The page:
In a former life, Barb Taub wrote a humor column for several Midwest newspapers. Now living in an English castle with her prince-of-a-guy and the world's most spoiled AussieDog, she enjoys translating from British to American, travel, and collaborating with daughter Hannah on the main volumes of the Null City series.
Twitter Name @barbtaub
Hope flares each morning in the tiny flash of a second before Lette touches that first thing. And destroys it.
Her online journal spans a decade, beginning with the day a thirteen-year-old inherits an extreme form of the family ‘gift’. Every day whatever she touches converts into something new: bunnies, bubbles, bombs, and everything in between.
Lette’s search for a cure leads her to Stefan, whose fairy-tale looks hide a monstrous legacy, and to Rag, an arrogant, crabby ex-angel with boundary issues. The three face an army led by a monster who feeds on children’s fear. But it’s their own inner demons they must defeat first.
My daughter and I have this tiny little life-altering addiction to superhero movies. Okay, we’d probably starve to death with chocolate only a room away if a Marvel hero was in front of us. (Except Hulk, of course, because that would be just wrong.) But in general, give some guy a spandex outfit and a mask and he owns us.
One night we started talking about superheroes with awkward powers. Let’s say you are the Man of Steel, but you don’t dare have sex with Lois Lane because your LittleMan of Steel would probably split her in two. (And we’re not even going to discuss the havoc your Swimmers of Steel could wreck on Woman of Pasta…)
The point is that when you think about it, most people with special powers would be lining up to get rid of them and get their normal lives back. That’s where Null City comes in. After one day there, those with extra gifts turn into their closest human counterparts. For example, imps become baristas. (Of course, they’re now ex-PhD candidates in literature or classics who claim to be experts on third-world coffee blends and obscure world music groups. But hey – there is only so close to human that hellspawn can get…)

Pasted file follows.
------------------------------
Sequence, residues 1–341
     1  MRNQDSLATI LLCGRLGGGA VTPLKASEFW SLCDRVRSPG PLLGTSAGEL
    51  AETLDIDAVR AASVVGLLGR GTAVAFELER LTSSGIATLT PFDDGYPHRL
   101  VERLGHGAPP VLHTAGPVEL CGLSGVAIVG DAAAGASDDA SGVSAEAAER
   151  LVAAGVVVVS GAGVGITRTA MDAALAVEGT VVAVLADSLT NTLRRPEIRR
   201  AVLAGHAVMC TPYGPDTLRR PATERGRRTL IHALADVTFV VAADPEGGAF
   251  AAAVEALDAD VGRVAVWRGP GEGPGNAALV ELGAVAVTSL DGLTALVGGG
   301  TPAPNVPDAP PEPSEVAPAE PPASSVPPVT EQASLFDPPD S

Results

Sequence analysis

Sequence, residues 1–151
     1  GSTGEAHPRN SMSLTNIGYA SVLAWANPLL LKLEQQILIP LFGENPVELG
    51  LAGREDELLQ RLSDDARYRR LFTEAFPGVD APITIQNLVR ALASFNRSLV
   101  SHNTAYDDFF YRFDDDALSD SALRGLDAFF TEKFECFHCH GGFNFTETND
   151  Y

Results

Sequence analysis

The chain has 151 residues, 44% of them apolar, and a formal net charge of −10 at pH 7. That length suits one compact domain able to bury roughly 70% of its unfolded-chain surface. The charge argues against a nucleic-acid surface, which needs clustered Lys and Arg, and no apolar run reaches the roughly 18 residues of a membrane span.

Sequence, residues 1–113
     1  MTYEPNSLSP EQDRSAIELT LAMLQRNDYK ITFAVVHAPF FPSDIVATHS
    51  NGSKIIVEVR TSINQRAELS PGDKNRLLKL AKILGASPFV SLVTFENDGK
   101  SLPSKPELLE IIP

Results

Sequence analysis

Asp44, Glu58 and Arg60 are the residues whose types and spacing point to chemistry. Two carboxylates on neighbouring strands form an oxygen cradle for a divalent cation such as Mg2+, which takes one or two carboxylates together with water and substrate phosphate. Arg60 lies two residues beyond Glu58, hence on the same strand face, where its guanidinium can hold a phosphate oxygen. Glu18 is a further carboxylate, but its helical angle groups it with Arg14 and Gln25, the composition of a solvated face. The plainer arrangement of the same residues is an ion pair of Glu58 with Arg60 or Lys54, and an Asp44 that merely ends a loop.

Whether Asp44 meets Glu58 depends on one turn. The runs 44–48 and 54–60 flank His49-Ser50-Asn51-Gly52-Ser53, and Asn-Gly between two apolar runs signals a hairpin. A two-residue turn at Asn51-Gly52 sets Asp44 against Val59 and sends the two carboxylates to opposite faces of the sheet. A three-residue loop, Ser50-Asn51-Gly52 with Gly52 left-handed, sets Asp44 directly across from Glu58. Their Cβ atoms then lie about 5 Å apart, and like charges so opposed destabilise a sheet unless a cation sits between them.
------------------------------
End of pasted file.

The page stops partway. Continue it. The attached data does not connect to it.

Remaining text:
So the point of Null City is that it takes our fantasy worlds and turns them into normal life.
Q) How long did it take you to write?
The first book in the series (One Way Fare) took a year to write. And edit. And rewrite. But Don't Touch is a quick read set in that world, and it just flew onto the page.
Q) What is your favorite thing about writing?
I love to tell myself a story. And of course, there is the whole power trip, which appeals to me as a parent. And yet, it's a sad truth: even though I hold the power of life and death over them, my characters have no more respect for my authority than do my children. Hmmm....
Q) What is your least favorite thing about writing?
Taking my beautiful, deathless prose and sending it into exile in my dead kittens file. Even though I tell my words that they are just resting, and that I will find a use for them someday, I suspect they know that I also have several old bridesmaids dresses I said the same thing about.
Q) If you could be any famous person for one day, who would you be and why?
I'd like to be the Pope for about fifteen minutes. I'd quickly change several rules, and then go back to being me, turn on CNN, and sit back to watch the fun.
Q) What is the oldest thing in your fridge and how old is it?
There is a bowl of brown stuff in the freezer. Some days I tell myself that it might be the banana chocolate ice cream we made last Christmas. Other days I feel sure that it is the best-forgotten sludge from a very unfortunate attempt at Duck Liver Pâté. I usually come to the conclusion that it's best not to risk finding out which it is.
Q) What can readers expect from you in the future?
I'm having lots of fun with the Null City series right now. In the next two books, things will take a slightly darker turn and some favorite characters will have a difficult time. (Do you think maybe the power of being their author has gone to my head?)